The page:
Over the past couple of weeks, we have experienced exceptionally hot days here in Maine. However, this summer heat isn’t just uncomfortable. It’s also part of a trend with potentially lethal health impacts.

2015 was the hottest year on record, and the previous hottest year was 2014. In fact, each of the last three decades has been successively warmer than any decade on record. Higher temperatures increase the chances that ozone pollution will form, putting those with respiratory conditions, children and the elderly at risk.

Just recently, the Maine Department of Environmental Protection issued an air quality alert for the coastal regions of Maine. The American Lung Association’s State of the Air report shows areas like Cumberland County, York County and the coastal regions experience the highest ozone levels in the state.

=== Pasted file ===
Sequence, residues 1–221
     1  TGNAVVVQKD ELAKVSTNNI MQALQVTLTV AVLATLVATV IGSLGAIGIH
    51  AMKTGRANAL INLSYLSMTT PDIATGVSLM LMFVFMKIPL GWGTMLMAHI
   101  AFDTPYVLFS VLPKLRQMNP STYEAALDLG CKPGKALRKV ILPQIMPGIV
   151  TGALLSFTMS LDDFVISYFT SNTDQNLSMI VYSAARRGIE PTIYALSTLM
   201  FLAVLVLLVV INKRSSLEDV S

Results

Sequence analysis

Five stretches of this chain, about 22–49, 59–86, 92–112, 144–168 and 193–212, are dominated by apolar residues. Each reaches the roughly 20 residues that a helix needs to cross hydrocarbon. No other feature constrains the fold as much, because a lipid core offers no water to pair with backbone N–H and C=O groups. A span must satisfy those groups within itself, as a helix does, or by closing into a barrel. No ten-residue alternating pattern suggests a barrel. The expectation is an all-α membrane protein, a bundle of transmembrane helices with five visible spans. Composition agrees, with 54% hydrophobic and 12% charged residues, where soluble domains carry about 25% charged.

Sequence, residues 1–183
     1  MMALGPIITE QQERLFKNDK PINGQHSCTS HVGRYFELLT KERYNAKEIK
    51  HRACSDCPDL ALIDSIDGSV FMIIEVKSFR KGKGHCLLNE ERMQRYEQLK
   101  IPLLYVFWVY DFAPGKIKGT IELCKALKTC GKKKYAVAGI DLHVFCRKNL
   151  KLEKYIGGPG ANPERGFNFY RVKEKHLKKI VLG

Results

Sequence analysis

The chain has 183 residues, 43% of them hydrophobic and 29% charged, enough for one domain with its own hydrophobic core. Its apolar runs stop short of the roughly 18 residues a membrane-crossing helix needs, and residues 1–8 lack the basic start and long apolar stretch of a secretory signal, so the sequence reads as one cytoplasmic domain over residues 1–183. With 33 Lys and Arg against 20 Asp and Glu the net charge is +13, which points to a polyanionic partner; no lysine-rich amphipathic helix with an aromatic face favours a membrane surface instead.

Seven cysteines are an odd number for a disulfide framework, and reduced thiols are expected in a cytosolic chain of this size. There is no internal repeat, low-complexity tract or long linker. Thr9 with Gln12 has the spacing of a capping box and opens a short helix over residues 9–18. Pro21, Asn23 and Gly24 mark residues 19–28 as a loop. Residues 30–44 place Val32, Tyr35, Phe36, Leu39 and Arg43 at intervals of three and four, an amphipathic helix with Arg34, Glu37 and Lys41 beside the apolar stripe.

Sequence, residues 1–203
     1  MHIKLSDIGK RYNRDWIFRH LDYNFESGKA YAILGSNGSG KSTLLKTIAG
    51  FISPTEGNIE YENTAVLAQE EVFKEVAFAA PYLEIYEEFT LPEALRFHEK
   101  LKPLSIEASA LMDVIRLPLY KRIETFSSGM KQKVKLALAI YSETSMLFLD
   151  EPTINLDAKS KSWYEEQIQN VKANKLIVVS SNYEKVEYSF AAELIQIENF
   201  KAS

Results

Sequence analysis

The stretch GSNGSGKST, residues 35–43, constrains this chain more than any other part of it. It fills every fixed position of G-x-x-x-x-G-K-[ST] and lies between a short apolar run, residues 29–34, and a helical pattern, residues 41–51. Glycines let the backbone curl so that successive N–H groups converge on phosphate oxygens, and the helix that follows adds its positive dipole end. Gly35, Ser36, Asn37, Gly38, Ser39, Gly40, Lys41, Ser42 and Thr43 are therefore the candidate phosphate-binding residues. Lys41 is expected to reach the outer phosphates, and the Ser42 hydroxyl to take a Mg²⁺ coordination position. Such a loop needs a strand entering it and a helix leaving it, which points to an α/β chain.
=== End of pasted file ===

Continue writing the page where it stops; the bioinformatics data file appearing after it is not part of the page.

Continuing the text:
Days like Aug. 11 and 12 can be dangerous, especially in a state like Maine where we have above-average asthma rates and an aging population. The question is: How can we turn this trend around?

Since the implementation of the Clean Air Act, we have made great strides in cleaning up the air that we breathe. However, there is much more to be done. Nationally, we must call on our legislators to protect the Clean Air Act and implement the new 2015 ozone standards. Stronger standards at the federal level mean cleaner, healthier air for Mainers back home.

Matthew Sturgis

Gray